We analyzed the conservation status of 73 vegetation cover types distributed across a 1.76 million km2 region in 10 states of the western USA. We found that 25 vegetation cover types had at least 10% of their area in nature reserves. These were generally plant communities located at higher elevations and thus more commonly associated with national parks and wilderness areas. All but three of the remaining 48 cover types occurred with sufficient area on publicly owned lands in the region to imply that transforming land management intent on these lands could also increase their protection. We also analyzed the level of protection afforded each cover type across its entire geographic distribution in the region. Most cover types that were at least minimally protected in total across the region were also at least minimally protected in most areas of their occurrence. Our results show that there is a realistic opportunity to design a system of biodiversity reserves in this region that represent the full range of environmental conditions in which the various plant communities occur. Conducting this type of broad-scale analysis is a necessary first step in that process and provides a database for others to work from.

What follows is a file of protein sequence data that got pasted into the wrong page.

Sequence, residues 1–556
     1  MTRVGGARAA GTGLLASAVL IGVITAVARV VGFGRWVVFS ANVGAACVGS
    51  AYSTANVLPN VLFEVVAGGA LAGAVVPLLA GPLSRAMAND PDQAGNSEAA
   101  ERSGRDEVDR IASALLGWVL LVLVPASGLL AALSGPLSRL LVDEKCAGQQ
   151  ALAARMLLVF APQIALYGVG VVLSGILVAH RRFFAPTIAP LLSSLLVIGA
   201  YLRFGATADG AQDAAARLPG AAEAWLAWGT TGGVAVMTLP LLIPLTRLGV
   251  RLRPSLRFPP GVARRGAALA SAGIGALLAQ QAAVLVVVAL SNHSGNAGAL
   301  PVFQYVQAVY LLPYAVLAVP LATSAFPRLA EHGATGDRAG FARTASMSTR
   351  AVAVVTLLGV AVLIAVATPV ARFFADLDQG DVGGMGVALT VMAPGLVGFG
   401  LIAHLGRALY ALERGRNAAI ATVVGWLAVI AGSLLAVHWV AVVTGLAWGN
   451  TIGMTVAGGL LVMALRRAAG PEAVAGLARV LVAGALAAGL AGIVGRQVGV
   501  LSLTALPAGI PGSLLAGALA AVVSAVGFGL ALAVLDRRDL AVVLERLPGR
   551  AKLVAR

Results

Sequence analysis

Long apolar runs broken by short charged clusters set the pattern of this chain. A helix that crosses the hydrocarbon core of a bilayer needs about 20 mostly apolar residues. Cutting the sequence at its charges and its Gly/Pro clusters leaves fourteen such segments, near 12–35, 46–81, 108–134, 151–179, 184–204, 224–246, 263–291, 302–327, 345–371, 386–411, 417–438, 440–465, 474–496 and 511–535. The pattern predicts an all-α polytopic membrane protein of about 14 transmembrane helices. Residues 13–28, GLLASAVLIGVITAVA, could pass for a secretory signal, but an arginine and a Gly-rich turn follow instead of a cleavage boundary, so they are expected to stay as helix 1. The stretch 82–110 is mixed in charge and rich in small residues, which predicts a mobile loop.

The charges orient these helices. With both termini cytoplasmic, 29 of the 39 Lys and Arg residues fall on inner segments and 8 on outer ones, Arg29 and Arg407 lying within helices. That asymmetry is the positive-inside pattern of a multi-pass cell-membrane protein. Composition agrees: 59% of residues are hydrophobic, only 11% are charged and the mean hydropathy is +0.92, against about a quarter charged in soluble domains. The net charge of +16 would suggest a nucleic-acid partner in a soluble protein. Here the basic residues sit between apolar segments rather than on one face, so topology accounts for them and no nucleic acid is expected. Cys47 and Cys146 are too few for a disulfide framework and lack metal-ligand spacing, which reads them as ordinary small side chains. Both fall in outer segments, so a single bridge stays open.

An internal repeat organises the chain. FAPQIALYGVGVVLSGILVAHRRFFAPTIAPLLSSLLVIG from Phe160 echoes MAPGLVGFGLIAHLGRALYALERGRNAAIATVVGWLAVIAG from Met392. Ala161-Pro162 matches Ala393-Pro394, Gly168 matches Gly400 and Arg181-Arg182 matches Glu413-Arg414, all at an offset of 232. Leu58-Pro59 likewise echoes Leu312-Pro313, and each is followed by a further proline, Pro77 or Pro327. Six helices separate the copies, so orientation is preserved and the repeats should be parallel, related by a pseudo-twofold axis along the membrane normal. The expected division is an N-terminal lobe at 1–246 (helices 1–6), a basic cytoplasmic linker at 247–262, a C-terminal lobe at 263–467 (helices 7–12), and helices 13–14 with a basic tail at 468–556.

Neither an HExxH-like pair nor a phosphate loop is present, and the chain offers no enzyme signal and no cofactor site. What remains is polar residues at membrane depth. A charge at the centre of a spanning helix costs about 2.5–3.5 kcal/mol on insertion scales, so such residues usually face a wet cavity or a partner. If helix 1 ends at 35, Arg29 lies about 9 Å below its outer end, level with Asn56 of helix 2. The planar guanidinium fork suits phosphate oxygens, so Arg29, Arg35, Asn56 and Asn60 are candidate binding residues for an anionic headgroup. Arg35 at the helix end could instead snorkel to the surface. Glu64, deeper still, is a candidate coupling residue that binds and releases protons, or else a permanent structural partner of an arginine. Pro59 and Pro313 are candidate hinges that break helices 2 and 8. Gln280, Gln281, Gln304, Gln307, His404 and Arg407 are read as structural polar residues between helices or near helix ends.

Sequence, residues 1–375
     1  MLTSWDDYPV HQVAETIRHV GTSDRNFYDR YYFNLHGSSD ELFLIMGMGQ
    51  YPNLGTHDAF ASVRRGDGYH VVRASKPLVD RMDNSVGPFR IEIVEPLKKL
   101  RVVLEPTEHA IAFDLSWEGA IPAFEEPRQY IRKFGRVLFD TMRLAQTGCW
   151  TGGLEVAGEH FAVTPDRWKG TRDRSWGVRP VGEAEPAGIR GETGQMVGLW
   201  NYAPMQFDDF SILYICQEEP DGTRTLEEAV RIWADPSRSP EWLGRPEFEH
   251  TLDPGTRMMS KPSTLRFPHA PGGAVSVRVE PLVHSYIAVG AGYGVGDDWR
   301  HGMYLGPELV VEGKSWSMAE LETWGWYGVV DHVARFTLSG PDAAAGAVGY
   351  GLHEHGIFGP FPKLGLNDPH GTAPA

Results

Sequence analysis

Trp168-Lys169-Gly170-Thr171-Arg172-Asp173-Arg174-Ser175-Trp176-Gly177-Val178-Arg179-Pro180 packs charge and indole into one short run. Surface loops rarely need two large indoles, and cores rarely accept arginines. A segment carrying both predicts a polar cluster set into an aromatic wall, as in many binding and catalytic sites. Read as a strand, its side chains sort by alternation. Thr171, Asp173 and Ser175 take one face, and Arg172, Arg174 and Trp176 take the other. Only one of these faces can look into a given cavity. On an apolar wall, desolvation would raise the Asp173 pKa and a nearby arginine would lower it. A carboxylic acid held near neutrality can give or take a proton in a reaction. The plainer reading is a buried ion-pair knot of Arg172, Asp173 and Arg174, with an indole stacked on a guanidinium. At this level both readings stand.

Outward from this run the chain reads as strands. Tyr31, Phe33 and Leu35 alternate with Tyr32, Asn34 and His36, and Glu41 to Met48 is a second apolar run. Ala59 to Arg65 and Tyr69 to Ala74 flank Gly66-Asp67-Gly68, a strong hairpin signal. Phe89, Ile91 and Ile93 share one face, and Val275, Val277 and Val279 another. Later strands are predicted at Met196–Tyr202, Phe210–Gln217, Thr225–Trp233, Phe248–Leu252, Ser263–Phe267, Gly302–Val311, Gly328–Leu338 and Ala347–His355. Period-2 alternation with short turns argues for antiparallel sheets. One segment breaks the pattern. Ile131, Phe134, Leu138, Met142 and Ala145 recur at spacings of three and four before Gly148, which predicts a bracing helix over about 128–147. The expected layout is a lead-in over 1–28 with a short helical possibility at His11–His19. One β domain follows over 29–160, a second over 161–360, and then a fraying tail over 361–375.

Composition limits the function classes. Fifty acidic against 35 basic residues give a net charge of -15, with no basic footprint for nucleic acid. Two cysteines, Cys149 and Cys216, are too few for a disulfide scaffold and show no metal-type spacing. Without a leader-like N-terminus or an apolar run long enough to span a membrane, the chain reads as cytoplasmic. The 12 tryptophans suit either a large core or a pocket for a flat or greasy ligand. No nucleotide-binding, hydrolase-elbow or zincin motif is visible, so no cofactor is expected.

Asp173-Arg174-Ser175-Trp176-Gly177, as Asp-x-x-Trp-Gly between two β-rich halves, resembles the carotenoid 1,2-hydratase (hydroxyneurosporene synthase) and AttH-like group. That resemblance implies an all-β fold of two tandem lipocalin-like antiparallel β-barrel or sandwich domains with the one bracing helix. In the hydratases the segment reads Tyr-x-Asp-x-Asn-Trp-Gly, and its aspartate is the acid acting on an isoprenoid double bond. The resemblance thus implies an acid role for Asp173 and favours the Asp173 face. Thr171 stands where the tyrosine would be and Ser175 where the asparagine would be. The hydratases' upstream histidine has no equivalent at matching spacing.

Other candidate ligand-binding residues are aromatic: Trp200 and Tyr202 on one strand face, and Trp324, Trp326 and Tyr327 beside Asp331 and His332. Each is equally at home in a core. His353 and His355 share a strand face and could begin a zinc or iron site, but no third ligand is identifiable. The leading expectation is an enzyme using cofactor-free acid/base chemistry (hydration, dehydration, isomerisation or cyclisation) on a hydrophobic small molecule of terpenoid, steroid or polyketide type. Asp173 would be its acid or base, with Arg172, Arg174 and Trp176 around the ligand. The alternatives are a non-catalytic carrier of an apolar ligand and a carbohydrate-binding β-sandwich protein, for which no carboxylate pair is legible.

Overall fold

|Publication Subtype||Journal Article|
|Title||Identifying unprotected and potentially at risk plant communities in the western USA|
|Series title||Biological Conservation|
|Contributing office(s)||Idaho Water Science Center|
|Google Analytic Metrics||Metrics page|